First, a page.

Yellen remains dovish in long term outlook

26th August 2016 By: Ranko Berich

Jackson Hole – 26/8/16

Yellen may have said that the case for rate hikes has strengthened in recent months, but the rest of her speech was overwhelmingly dovish and gave the impression the Fed chair is entirely comfortable with taking hikes nice and slowly.

Yellen’s nod to fiscal policy was decidedly half-hearted, compared to the increasingly direct appeals for looser purse strings we’ve seen from central bankers overseas. The Fed chair expressed a high degree of confidence in monetary policy’s ability to revive inflation, despite ample global evidence to the contrary in recent years.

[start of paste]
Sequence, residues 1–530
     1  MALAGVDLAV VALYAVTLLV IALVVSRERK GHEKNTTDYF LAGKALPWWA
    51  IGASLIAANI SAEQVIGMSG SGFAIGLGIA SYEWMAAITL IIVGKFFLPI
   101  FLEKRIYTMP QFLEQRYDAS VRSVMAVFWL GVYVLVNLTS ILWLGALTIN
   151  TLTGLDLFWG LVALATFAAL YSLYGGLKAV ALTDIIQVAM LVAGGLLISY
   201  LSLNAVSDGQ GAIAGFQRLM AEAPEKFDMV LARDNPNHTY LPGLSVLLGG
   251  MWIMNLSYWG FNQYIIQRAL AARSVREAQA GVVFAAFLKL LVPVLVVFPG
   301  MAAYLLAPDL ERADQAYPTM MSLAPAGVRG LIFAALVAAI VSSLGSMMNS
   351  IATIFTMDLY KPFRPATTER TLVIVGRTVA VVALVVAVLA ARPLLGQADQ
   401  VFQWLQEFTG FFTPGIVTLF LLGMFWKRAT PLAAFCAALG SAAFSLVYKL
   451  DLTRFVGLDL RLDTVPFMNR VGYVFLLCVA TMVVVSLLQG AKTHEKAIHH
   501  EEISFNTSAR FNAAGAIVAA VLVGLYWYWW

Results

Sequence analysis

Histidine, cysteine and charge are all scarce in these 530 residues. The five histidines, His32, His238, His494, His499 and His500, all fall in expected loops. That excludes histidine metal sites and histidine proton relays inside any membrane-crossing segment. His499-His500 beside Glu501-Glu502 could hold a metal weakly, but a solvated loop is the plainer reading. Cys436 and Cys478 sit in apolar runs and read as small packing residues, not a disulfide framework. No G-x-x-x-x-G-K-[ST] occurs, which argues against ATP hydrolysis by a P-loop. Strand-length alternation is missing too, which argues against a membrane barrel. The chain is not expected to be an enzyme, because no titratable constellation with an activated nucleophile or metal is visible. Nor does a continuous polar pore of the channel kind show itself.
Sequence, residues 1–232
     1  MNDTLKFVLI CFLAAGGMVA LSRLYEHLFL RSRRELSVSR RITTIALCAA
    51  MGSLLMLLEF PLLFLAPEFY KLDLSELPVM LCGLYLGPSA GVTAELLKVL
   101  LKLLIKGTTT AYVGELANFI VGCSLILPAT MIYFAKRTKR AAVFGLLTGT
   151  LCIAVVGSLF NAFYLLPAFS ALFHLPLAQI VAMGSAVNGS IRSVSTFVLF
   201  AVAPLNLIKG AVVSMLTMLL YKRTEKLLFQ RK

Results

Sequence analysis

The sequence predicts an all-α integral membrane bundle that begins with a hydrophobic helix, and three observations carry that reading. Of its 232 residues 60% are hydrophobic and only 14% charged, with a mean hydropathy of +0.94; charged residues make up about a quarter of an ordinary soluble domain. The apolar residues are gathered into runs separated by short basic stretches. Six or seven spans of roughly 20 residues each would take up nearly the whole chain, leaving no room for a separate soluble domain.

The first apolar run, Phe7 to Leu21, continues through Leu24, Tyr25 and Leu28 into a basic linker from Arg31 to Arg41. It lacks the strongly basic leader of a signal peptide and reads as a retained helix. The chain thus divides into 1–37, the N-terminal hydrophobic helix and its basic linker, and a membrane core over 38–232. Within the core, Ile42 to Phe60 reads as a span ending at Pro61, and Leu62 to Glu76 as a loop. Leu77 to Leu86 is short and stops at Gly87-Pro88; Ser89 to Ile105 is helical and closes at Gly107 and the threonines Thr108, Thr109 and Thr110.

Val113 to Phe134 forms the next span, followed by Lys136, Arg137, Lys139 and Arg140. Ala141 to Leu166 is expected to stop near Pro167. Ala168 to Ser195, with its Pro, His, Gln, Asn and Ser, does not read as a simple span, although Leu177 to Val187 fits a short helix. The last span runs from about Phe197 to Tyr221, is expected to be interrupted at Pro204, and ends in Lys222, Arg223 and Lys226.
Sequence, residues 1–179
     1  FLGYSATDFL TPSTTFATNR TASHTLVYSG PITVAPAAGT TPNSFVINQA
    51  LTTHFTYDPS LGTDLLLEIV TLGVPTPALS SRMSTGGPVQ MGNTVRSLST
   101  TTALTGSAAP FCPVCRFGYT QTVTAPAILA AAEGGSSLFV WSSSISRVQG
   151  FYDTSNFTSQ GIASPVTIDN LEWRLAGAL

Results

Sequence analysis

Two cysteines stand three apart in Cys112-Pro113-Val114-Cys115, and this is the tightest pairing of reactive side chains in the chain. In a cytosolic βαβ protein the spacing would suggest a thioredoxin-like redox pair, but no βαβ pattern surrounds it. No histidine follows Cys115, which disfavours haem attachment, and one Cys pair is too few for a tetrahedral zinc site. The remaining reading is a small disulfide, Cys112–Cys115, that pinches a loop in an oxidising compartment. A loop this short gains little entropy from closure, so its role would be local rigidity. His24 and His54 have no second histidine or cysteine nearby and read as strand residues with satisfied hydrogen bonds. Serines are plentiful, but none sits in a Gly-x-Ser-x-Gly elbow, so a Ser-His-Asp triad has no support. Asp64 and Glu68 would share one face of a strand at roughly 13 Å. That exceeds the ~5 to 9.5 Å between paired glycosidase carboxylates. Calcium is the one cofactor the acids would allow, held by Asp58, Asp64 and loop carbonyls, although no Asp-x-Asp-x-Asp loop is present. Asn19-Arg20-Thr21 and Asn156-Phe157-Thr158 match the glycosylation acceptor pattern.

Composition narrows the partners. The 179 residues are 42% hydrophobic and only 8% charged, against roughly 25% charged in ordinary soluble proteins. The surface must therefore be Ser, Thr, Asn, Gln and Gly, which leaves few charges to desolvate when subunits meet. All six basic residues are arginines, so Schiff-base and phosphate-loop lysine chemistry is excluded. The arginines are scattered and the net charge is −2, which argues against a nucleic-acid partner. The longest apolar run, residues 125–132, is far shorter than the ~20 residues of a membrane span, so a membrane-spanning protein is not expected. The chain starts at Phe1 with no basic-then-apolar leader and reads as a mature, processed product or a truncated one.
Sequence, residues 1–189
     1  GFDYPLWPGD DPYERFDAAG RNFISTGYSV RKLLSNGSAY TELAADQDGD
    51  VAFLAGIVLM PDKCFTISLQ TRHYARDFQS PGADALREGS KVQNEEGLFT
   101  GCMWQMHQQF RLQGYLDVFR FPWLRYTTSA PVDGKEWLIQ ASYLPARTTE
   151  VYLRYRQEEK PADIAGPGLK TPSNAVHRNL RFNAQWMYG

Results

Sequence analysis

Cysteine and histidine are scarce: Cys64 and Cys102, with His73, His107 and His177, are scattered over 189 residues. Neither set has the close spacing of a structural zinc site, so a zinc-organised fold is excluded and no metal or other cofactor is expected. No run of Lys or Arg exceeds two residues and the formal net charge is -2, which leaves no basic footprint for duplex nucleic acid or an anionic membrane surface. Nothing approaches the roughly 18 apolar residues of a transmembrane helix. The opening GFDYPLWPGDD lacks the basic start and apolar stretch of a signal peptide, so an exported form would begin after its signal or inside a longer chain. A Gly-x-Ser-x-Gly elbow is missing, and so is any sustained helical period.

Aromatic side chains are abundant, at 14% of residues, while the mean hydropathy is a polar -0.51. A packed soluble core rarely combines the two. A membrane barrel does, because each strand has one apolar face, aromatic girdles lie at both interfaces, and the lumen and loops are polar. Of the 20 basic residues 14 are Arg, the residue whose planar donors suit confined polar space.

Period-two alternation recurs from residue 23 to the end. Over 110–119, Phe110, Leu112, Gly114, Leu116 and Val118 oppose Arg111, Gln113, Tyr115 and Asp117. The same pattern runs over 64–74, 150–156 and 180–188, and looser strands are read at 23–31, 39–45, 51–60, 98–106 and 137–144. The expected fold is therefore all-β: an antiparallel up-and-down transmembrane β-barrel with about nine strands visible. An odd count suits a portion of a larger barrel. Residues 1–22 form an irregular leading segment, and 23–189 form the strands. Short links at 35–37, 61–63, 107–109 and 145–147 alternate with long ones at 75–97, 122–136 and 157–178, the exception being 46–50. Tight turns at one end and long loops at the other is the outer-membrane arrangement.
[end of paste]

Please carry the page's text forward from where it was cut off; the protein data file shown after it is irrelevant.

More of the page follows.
One argument for hiking rates sooner rather than later is to give the Fed more room to cut rates the next time the economy is faced with a shock. But Yellen devoted a fair amount of attention to debunking this idea, arguing that even a modest increase in interest rates would give the Fed enough room to ease adequately. The implication is that there’s less of an incentive to lift rates in the short term, and that in Yellen’s view rates should strictly follow inflation prospects.

The FOMC has been on an extraordinary talking offensive in the last two weeks. Just about all of the committee has piped up to say that rate hikes are likely in the near term future, but the proof is in the pudding and there will be many investors, traders and analysts that will continue to view the Fed’s remaining meetings this year with extreme scepticism despite the FOMC’s warnings.

By some measures, activity in the US economy is cooling and this could prove yet another excuse to delay hikes, especially given the FOMC’s growing comfort with the US economy’s low interest rate dynamics.